The Game Subsystem as a library is essentially a passive component. It needs to be called and executed by a program/application. This could be any application linked against the DLL, including your test programs. It is usually the Q2 game server process that interfaces the Game Subsystem and executes it at predefined intervals.
Here is the definition of
function that provides the main loadtime interface between
server process and Game DLL :
game_export_t *GetGameApi(game_import_t *import);
GetGameApi is used at startup to exchange info between the server and the game dll. It is called by the server passing in a tables of functions to the dll (the game imports). It returns a struct o' pointers back to the server, the game exports. Yes, the prototype is basically useless to you until you know what's in the structs.
The dll is linked at a fixed base address. You really, positively must leave it that way. If you don't the save/load game won't work for you.
The main engine, as part of the server, provides
a set of functions and global variables to
the Game Subsystem. The Game Subsystem can
refer to these and call them, but they can not
be changed or replaced. The imported
functions are listed
game.h::game_import_t. As the
server cannot be changed, and as there is no
override mechanism, this part of the game
is fixed. This includes, among other things,
the client side prediction mechanism.
The majority of the import functions relate to former QuakeC builtin "standard functions", like traceline(), etc.
The following is a list of the Quake2 engine
internal commands which can be, or have to be
referenced by the Game DLL. The functions are
effectively referenced as
gi.bprintf (print_level, text, variables)
function sends message to all players.
print_level gives the message priority, and
gi.dprintf (text, variables) function
emits debug messages. Debug cvar allows you to view these.
gi.cprintf (entity, print_level, text, variables)
function sends message to only one entity. Again,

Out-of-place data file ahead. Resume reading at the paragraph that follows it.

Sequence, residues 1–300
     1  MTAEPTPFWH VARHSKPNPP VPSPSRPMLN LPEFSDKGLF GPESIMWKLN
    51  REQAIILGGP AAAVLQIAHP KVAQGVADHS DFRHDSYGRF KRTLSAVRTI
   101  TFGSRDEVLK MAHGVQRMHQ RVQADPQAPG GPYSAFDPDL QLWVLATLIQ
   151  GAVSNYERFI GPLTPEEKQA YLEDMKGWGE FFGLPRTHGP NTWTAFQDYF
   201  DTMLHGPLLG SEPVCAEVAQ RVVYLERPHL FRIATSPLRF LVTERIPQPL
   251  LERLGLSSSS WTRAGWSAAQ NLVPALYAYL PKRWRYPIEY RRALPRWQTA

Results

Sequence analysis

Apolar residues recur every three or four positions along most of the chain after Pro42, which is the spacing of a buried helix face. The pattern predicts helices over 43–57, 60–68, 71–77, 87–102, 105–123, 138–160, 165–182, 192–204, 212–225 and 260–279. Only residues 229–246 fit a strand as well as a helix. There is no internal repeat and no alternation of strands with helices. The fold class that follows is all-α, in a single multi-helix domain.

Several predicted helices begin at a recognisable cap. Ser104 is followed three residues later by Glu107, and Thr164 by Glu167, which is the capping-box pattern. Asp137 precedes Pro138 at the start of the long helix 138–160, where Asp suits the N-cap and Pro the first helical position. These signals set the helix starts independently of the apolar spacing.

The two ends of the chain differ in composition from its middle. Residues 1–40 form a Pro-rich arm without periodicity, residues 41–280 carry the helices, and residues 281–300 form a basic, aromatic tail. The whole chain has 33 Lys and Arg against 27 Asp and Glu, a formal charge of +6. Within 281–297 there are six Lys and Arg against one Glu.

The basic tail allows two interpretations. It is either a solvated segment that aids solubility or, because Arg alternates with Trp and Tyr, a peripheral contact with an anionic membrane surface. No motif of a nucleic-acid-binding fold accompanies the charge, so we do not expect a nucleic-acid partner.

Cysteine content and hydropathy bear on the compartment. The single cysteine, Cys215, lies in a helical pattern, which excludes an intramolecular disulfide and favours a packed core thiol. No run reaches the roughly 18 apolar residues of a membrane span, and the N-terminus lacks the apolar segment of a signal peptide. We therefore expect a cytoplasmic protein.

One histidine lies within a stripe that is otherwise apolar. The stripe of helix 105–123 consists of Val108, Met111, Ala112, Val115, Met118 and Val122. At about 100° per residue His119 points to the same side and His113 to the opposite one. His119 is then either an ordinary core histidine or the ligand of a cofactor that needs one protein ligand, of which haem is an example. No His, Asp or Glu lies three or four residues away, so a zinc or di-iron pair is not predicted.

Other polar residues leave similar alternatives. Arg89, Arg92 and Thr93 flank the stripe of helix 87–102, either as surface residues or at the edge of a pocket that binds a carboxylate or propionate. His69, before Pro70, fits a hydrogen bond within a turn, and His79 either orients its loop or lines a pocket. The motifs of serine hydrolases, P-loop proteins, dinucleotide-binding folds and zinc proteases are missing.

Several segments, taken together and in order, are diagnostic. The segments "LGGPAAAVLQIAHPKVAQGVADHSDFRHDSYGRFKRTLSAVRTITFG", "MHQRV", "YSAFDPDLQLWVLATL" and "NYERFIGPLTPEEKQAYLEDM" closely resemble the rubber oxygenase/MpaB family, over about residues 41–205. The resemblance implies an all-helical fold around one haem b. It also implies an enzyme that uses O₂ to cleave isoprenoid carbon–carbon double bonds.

print_level sets message priority (see
above for values).
gi.centerprintf (entity, text, variables)
function sends message to one entity and displays message
in centre of screen.
gi.soundindex (sound_name) function
will cache a sound during spawning, after that it simply
returns the index which refers to that sound. The
is both string identifier of the sound, and the filename in
the PACK file, minus the
"sounds/" prefix. You say
gi.soundindex("misc/w_pkup.wav") to refer to the
gi.sound (entity, channel, sound_index, volume, attenuation, time_ofs) function generates sound
centered on a given entity. The
specifies the sort of sound - a second sound of the same
sort will overwrite the first. The
sound to play is given by
sound_index, which is
retrieved using gi.soundindex. The
is between 0 and 1. The
how far away sound can be heard, effectively.
time_ofs might be a delay time before
playing the sound ???not yet found anything other than 0.
channel parameter can be:
attenuationcontrol parameter, which hints on how to decrease the sound volume by distance, can be:
gi.positioned_sound (origin, entity, sound_index, volume, attenuation, time_ofs) function is similar
gi.sound. See there (above) for most of settings.
origin sets position for sound to
come from relative to level origin (NOT entity origin),
e.g. to avoid sending entities to the client that are
usually invisible. You do not link (and send) the entitiy,
you just tell the client to place a sound at its position,